How to Determine a Boiling Point of Liquids

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When a liquid is heated it changes from its solid state into its gaseous state. The temperature at which this occurs is called the boiling point of the liquid.

Boiling points vary with the pressure of the environment around the liquid. A liquid at high pressure has a higher boiling point than a similar liquid at low pressure.

Typically, the boiling point of water is 100 degrees C (212 F). As it travels up or down mountains it may boil at lower temperatures because the pressure from the mountains is less than the atmospheric pressure at sea level.

The boiling point of a liquid is a characteristic property that helps to identify certain substances. It is also a useful property for separating and purifying volatile liquids, a process known as distillation.

How to Determine a Boiling Point of Liquids

To determine the boiling point of a liquid, an inverted glass capillary tube is filled with the liquid in question and allowed to cool. Then the vapor pressure of the liquid inside the capillary tube increases until it is equal to the atmospheric pressure outside. This forces the gaseous vapor to enter the tube and bubbles will begin to form.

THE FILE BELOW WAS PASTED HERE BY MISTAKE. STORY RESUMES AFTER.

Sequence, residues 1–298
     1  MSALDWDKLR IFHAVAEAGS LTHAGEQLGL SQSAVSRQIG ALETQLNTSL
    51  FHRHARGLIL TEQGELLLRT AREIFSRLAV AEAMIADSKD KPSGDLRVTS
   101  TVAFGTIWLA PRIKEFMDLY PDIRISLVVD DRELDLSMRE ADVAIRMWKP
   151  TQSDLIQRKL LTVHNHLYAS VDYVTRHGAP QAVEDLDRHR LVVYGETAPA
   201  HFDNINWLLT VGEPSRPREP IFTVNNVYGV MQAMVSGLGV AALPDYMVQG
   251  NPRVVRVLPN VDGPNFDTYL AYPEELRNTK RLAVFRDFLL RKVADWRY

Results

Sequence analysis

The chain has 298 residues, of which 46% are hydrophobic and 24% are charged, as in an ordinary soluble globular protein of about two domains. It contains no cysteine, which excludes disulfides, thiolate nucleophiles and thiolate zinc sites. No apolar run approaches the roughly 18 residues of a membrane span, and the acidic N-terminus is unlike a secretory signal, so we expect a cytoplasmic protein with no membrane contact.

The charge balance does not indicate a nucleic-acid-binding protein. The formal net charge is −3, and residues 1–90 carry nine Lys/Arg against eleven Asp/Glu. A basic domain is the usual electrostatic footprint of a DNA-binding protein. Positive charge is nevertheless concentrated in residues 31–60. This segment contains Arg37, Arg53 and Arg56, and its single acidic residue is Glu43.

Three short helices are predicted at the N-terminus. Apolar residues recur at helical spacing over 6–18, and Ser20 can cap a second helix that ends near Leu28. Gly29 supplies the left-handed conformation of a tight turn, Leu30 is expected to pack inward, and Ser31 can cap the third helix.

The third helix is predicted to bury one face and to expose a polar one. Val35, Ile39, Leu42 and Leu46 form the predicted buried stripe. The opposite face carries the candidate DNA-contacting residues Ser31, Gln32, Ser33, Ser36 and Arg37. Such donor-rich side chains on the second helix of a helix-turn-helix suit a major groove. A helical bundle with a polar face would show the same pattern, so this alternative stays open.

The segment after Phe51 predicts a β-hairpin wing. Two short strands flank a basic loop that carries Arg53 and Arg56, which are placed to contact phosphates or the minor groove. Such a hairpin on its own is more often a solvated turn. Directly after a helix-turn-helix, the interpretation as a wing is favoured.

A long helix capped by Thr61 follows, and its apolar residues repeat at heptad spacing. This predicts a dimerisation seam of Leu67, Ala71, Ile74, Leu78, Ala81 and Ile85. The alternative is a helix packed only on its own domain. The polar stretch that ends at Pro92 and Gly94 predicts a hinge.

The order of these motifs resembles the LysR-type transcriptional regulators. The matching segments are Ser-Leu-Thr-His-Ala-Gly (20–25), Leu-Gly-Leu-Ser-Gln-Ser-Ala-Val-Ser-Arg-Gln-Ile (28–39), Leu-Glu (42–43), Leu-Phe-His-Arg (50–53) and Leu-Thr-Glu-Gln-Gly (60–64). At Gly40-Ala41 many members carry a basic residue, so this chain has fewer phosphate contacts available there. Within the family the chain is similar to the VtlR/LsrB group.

The boiling point of liquids varies with their molecular weight and chemical structure. For example, acetone, which is a gas at room temperature and pressure, has a boiling point of 56degC (173 degF) while ethanol, which is liquid at room temperature and pressure, has a heating value of 78degC (173 degF). The boiling point of an organic compound is determined by the intermolecular forces that hold the molecules together and prevent them from escaping into the air.